A Different Word for Everything

Today’s NYT story on P.R. in Silicon Valley caused a bit of a stir in the blogosphere, most notably with TechCrunch and Scoble. Both make good points, and while PR has changed with social media, it remains as predictably stratified as any other business based on relationships, access, and attention. Not much news there.

The kerfuffle surrounding this, however, isn’t really about P.R. It’s about segmentation. When discussing the rollout strategy for Wordnik, one of his portfolio companies, Roger McNamee is quoted as characterizing TechCunch et al. as cynical. Perhaps it was a poor choice of words (are you really going to coach Roger on diction?), but in the context of Wordnik, it is an interesting choice of words.

Wordnik is a big idea, but it’s not without nuance. It’s a real-time dictionary and concordance and if it’s successful, it will have some interesting and potentially sweeping implications- from how we acknowledge, learn, teach and use language, to the currency of language itself. It’s a social experiment, enabled by technology, but driven by an erudite notion- a notion that a lot of people, including the readers of the blogs referenced, may not find that compelling (and may find trivial, hence the suggestion of cynicism).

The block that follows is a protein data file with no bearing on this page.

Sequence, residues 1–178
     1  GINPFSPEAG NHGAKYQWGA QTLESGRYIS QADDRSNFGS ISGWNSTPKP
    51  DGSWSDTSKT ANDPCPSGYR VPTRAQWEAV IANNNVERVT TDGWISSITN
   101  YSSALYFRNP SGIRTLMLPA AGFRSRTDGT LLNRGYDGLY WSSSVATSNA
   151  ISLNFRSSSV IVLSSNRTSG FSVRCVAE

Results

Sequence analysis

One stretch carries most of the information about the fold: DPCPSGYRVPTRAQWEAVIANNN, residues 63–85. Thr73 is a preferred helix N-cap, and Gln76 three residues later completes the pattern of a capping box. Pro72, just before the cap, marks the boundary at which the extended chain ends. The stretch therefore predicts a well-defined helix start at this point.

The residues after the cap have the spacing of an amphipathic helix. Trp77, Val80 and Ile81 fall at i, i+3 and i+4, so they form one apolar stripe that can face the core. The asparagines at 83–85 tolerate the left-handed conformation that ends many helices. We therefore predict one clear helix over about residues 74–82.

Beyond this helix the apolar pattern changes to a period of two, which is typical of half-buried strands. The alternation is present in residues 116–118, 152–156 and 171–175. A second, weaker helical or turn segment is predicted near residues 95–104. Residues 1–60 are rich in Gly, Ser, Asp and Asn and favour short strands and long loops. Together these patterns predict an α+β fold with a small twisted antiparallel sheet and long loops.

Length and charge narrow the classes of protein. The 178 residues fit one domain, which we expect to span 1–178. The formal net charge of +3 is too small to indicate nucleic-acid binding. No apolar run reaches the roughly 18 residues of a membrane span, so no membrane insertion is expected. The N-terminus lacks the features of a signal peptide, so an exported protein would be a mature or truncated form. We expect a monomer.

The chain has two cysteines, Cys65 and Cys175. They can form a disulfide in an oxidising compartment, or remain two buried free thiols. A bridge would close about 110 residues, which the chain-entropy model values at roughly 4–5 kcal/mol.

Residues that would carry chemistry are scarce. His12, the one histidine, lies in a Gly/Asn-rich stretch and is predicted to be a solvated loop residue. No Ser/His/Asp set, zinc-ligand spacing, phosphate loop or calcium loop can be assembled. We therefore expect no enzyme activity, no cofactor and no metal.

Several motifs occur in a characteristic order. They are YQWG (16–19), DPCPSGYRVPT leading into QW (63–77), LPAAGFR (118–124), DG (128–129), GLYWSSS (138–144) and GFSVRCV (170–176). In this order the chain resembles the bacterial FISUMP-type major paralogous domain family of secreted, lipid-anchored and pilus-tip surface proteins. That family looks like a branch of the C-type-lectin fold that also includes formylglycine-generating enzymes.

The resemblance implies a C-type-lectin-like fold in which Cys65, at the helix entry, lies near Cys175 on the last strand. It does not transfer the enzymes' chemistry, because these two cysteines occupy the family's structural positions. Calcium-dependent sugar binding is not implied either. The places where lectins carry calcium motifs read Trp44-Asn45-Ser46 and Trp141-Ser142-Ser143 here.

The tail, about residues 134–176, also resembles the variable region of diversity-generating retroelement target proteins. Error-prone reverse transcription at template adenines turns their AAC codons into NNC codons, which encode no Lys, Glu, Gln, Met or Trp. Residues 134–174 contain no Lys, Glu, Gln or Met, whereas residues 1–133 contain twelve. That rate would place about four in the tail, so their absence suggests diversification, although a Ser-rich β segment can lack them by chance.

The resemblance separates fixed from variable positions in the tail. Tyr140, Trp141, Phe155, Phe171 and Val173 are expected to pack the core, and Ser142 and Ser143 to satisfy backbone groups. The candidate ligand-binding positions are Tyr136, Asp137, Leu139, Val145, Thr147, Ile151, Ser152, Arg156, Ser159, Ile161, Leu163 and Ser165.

Segmentation and targeting pose a dilemma for both sides- we all tire of promotional spam and yet being overtly excluded from outreach sends a pronounced message of omission. Would that this commotion were so simple.

Saying you DON’T care about a handful of influential blogs that can have an impact on your business, and saying it on the front page of the business section of the New York Times, can yield only one outcome- coverage by the disparaged. There’s a word for that.

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